I am SO excited to kick off this series! I've taken down all your questions and designed this series entirely to fit your developing photography needs. I LOVE your feedback, so as you have additional questions please let me know.
I'm going to start off with tips that everybody can incorporate immediately, easily, and affordably, regardless their equipment. That's right! If you so much as have a camera on your cell phone, you can start snapping better pictures TODAY. The further along in this series we go, the more technical we'll get. So DSLR owners, sit tight. We'll be talking aperture, shutter speed, and ISO before you know it.
Without further ado....
Let's talk lighting!
The first rule you need to learn is that light is directional. This means that wherever you are, there is probably one main light source, and it is only hitting your subject from ONE angle.
In this case, the dominant light source is the sun shining through the booth windows to Daniel's left. This sunlight was unmatched by the interior lights of the restaurant, and the result is a heavy shadow cast on one side of his face.
"Ok... 'light is directional'... so what??"
Where there is light, there are shadows! If I was going for a moody artistic photo above, I'd have nailed the dramatic lighting. But, like most of you, I just took a picture of somebody I love to remember a trip away from home. When I saw it later I thought: "Boo! Why would I want to stare into one pretty blue eye when God gave him two?"
The everyday picture-taker is just like old-me sitting in the booth in Baltimore: totally unaware of their light source, and how the shadows it casts on your subject may be horribly unflattering. Flip through some of your recent photos. Are you making any of these common lighting errors??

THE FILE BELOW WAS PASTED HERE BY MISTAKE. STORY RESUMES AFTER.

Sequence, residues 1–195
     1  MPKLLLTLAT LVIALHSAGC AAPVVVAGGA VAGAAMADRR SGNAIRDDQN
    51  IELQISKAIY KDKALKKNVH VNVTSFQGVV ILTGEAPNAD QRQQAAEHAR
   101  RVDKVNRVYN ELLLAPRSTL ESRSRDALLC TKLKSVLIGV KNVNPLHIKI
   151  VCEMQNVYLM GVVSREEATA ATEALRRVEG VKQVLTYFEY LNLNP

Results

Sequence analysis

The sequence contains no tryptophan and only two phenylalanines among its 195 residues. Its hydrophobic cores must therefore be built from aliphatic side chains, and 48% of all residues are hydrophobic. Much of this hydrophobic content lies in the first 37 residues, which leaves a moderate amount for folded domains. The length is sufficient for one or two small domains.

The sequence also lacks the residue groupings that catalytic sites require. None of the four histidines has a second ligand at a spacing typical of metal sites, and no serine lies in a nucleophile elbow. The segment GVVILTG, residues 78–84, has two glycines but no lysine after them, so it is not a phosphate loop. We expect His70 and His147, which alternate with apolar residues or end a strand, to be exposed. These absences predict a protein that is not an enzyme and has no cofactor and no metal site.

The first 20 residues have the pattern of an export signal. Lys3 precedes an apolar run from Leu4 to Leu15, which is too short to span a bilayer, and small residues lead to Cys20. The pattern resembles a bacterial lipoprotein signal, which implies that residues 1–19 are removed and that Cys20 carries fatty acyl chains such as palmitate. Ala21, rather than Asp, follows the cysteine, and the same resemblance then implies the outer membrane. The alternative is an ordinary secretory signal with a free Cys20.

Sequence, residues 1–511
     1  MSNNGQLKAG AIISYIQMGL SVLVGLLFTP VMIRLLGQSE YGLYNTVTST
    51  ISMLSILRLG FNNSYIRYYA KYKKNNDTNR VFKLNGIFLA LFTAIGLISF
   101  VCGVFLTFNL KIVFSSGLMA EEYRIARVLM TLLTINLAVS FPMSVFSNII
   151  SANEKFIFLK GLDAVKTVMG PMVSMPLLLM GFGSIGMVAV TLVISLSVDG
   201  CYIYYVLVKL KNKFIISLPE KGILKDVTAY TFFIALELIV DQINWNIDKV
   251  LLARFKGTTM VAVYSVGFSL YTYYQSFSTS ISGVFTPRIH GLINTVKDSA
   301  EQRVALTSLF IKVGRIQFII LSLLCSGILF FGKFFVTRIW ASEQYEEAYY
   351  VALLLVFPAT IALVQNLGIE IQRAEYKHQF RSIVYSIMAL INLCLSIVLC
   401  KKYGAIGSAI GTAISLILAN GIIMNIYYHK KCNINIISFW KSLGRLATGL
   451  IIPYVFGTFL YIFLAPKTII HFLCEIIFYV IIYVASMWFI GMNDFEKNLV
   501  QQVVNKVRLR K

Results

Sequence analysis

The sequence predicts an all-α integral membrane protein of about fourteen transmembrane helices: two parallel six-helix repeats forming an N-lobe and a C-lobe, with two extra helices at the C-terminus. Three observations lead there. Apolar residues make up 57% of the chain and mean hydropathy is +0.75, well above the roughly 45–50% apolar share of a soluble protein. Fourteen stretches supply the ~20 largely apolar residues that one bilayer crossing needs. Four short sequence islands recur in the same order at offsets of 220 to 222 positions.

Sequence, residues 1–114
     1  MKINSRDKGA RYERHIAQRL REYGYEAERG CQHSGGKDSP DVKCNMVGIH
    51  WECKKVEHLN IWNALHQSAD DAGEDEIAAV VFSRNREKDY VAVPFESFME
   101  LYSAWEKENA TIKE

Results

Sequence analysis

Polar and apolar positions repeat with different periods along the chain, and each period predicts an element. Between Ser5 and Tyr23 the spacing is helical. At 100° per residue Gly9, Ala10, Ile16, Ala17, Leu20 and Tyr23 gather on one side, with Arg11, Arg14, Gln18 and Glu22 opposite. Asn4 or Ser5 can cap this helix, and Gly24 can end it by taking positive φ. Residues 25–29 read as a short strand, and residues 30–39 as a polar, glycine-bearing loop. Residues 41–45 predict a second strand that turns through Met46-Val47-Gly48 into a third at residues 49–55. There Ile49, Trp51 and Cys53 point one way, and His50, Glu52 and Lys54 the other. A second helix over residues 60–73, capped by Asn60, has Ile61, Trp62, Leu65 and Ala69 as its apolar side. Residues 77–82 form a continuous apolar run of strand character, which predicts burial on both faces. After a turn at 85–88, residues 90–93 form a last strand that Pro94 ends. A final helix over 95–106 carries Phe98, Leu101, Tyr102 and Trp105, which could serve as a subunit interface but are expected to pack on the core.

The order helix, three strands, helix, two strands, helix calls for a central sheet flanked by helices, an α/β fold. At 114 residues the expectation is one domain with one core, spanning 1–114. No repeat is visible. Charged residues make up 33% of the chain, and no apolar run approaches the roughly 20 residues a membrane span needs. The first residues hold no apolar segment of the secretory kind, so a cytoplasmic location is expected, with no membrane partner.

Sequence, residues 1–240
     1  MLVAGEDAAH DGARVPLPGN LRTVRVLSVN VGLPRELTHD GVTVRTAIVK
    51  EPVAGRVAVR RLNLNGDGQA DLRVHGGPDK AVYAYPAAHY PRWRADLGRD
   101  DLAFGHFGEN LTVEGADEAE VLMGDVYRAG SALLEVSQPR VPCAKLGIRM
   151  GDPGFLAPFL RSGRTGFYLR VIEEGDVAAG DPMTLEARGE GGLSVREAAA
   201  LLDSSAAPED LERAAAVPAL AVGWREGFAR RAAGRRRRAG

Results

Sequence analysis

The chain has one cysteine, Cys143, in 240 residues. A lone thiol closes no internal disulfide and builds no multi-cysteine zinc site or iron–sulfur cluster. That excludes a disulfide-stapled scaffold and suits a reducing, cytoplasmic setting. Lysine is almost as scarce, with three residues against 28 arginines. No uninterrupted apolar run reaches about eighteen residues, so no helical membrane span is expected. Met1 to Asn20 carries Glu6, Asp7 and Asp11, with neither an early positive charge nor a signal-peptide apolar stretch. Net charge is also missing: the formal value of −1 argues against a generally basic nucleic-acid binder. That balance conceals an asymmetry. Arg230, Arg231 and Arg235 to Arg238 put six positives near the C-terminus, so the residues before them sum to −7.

- Does your subject have "raccoon eyes"? Your dominant light source is coming from directly above, casting a dark shadow over the eyes.
- Is your subject giving you the "squint-and-grimace"? Your dominant light source is shining directly into your subjects' eyes!
- Is your subject "two-faced"? Your dominant light source is hitting your subject from the side, brightly lighting one side of their face, and hiding the other in a dark shadow.
"I'm convinced! Light is directional, and can cast really unflattering shadows. What is the fix??"
Photographers often use a technique called "back lighting" - and, you guessed it, it means you place your subject's back to the light! Easy peasy, right??
See the difference? Not only is there a heavy shadow on Kaelyn's face and arms in the left photo, but her tu-tu is so bright that you can't see all the detail! That's a lose-lose. So I slipped over where the light was to her back, and voi-la! The result is an evenly-lit portrait of my little nugget.
But don't just take my word for it! Let Liz show you just how soft and even a backlit photo looks. Yowza!
Back lighting is most easily accomplished early and late in the day, when the sun sits low in the sky. The photography community calls these the "golden hours" for picture-taking (more on that next week). BUT, since most of us can't limit our family memories to these few hours each day, consider these tips for successful mid-day photos:
- Find shade! Shelter yourself from the harsh rays, even if you have to hide under a tree to do it.
- Force the flash! (Turn it "on" - not on "auto") If you can't avoid the shadows, you can "fill" them instead!
Always be aware of your light source. If it's creating unflattering shadows on your subject, move!
Now, go forth and conquer! Try your hand at a backlit photo today :) Then share them on my facebook page so I can see your progress!
I'll see you back here next week for more lighting tips!